Tag Archives: cyclamen

What happened in the garden.

When I returned to California from the Rocky Mountains at the end of the year, I was surprised at the changes in the garden. Shrubs that had barely begun to take on fall colors before Christmas, suddenly were bare and brown. Though we’d had plenty of frosts in the fall, the zinnas under a covered walkway continued to hang on — until the solstice, apparently…. They heard it was officially winter, and they knew in their deepest parts that winter is not for them. They lost their will to live.

The lemons are all bigger and brighter. This tree is so leggy, it needs a good pruning, but I don’t know quite how to proceed at this point… and I especially am puzzled about when to do the job, because it seems always to be bearing. Maybe Alejandro will know what to do.

My spider plant, though it was healthy and green through last winter and this frosty fall, seems to be dead. But cyclamen are popping up, no doubt loving the heavy rains that have thoroughly soaked the ground. Yesterday I found several containers in the yard that had collected a foot of water in the last ten days.

The fountain that I’d turned off before leaving is filled to the brim from that rain, and while I was gone Alejandro pruned the plum and fig trees, and the wisteria. The pomegranates left on those dwarf bushes turned pale from cold and old age. I’ll pluck them soon and put them out of their misery, and prune those bushes, which have grown slightly out of bounds.

With so much of the landscape at its most drab, I was surprised to see bright calendula faces. Dear, hardy little garden friends! God bless you, and all your companions as well, the many who are having a brief rest while you keep watch, and shine brighter than the January sun.

Metaphorical pear, real flowers.

Whatever you do,
do it gently and unhurriedly,
because virtue is not a pear
to be eaten in one bite.

-Saint Seraphim of Sarov

These words from St. Seraphim came into my mind this morning. They comprise one of my favorite quotes of of all time. It’s a strong admonition, but its simplicity and poetry display that gentleness that St. Seraphim was known for. The advice is what I need! I am always hurrying, trying to pack in too many activities, and it is hard to be gentle when one is making multiple messes (visible and invisible) with no time to clean up.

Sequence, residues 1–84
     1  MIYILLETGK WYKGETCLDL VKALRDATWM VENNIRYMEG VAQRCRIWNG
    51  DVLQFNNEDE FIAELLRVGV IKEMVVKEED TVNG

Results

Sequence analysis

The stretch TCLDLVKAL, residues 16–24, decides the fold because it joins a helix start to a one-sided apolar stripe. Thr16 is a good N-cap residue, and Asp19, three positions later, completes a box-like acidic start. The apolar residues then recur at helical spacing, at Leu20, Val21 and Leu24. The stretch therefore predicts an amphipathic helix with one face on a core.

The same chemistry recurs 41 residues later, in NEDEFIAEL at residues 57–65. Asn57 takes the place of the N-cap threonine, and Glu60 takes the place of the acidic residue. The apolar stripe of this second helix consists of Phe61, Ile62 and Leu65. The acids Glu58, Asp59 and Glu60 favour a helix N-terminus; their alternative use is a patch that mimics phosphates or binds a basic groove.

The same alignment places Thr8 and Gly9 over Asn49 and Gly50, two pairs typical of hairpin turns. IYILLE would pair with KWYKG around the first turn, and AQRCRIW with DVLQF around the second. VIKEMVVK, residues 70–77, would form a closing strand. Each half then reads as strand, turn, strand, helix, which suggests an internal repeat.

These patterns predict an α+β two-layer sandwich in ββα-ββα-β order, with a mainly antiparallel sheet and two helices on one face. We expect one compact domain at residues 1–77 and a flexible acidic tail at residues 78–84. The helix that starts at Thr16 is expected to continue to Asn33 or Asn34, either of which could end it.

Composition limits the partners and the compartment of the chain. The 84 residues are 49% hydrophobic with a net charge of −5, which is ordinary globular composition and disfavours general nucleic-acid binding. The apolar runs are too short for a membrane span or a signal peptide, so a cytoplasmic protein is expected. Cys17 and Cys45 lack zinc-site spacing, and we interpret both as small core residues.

I did a lot of cooking today, and I cleaned up! But before that, I went into the garden to pick a fistful of greens for breakfast. Last night was the coldest yet this winter. But more flowers — and ice crystals — have bloomed since I last looked.


Many of my readers will not see the end of winter for a couple more months,
but I hope you will discover at least a metaphorical flower or two blooming nearby.

The next day was honeybee day.

The day after Groundhog Day, or Candlemas, etc., my walk took me past a long hedge of rosemary in bloom, where hundreds of honeybees were already getting ready for next year’s Candlemas. There were both the golden orange striped and the browner kind. I had a lot of fun taking their pictures and sorting them. Most of the shots had to be tossed, quite a few because I had completely failed to include a bee in the frame.

I don’t know much about bees, but it seemed crazy that so many of them were around to notice the rosemary; our nights are still frosty. Do the people with the rosemary hedge also keep bees… handy? But many blocks away, on my own street, was a single such bush and bees were buzzing on its flowers, too. Now, as I write, it occurs to me that I saw bees on rosemary two years ago, possibly as early as January, in a nearby town.

When I got home I went straight into the back yard to see what’s going on with my own rosemary. It is barely starting to bloom, and there was not a bee to be seen. But across the garden, the cyclamen are coming up!